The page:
- You respond to these arguments.
- The adjuster makes a low counteroffer to feel out whether you’re in a hurry to take any settlement amount.
- You concede a little bit concerning the adjuster’s arguments and make another demand slightly lower than the one in your demand letter.
- The insurance adjuster increases the company’s offer.
- You either accept that amount or make another counter-demand.
It is usually as simple as that. The main factors determining how an accident settlement comes out are how well you have prepared all stages of your claim— investigation, supporting documents, and demand letter—how much you’re willing to settle for, and whether you are in a hurry to settle.
Subjects of Negotiation with an Adjuster
During settlement negotiations, an insurance adjuster has a right to ask questions and dispute facts in an attempt to limit your right to compensation. Questions or disputes might concern:
- Coverage – Whether the insurance policy in question actually covers the accident.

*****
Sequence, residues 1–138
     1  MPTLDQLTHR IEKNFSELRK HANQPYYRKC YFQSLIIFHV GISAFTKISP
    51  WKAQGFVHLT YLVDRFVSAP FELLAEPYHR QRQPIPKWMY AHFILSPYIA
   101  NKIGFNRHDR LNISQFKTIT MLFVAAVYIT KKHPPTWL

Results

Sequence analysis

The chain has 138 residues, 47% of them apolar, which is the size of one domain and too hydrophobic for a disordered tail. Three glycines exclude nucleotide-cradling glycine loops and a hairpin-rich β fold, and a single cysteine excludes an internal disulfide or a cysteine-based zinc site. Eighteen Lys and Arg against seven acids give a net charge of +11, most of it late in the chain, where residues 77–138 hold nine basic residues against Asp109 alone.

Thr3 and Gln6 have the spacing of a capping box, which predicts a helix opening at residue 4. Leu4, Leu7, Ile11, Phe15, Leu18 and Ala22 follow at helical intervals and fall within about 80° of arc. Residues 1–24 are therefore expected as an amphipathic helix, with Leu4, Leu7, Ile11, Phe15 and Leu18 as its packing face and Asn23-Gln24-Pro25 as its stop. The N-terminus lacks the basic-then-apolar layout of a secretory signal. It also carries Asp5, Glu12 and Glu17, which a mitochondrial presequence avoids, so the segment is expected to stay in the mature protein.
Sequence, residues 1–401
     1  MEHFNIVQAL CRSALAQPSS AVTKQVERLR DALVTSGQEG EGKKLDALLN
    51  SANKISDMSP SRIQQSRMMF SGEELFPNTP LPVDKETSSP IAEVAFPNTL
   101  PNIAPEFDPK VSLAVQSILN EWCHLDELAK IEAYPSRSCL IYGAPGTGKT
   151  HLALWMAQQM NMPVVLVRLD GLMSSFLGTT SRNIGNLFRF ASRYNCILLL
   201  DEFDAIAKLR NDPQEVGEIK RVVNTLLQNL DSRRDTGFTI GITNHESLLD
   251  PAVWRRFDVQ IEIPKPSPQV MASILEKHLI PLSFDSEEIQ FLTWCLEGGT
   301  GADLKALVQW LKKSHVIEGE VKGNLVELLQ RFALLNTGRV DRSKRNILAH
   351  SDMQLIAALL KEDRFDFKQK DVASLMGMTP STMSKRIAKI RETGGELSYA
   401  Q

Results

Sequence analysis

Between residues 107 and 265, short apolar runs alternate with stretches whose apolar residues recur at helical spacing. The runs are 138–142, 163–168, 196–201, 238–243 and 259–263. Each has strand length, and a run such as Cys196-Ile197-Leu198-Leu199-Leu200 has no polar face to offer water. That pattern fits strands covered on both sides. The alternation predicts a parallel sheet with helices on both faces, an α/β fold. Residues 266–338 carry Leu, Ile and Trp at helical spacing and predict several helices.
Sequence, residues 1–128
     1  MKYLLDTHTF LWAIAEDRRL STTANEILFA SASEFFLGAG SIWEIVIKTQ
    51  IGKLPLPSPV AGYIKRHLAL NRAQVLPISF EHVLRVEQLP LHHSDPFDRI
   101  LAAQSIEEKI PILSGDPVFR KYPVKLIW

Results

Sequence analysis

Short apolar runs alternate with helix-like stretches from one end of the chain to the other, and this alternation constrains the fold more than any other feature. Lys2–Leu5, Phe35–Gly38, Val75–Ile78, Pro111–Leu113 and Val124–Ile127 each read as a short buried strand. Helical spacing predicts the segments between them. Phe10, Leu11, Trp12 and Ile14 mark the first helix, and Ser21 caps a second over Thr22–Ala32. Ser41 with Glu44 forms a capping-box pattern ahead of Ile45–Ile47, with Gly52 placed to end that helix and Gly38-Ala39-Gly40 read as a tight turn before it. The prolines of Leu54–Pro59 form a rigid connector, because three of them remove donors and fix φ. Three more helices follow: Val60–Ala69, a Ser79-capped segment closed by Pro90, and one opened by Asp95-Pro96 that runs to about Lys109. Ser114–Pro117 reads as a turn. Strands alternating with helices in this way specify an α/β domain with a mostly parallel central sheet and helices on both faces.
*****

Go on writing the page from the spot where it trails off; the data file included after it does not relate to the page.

- Liability – Who was at fault for the accident and your potential share of negligence.
- The extent of your injuries – Whether an injury was disabling or had a long-term permanent effect.
- The nature and extent of medical treatment – Whether the type and duration of procedures or therapies were medically necessary, and whether you had preexisting problems that contributed to your claimed losses (damages).
You should meet an adjuster’s reasonable questions and inquiries with reasonable answers. That is why it’s crucial to have an experienced and professional personal injury attorney Atlanta GA by your side to represent you and handle these negotiations on your behalf.
Keys to Successful Injury Claim Negotiation
How you approach settlement negotiations can go a long way toward making them run smoothly and quickly, with a minimum of stress or aggravation for you, and with a satisfying settlement as the result.
Here are some tips about dealing with a claims adjuster: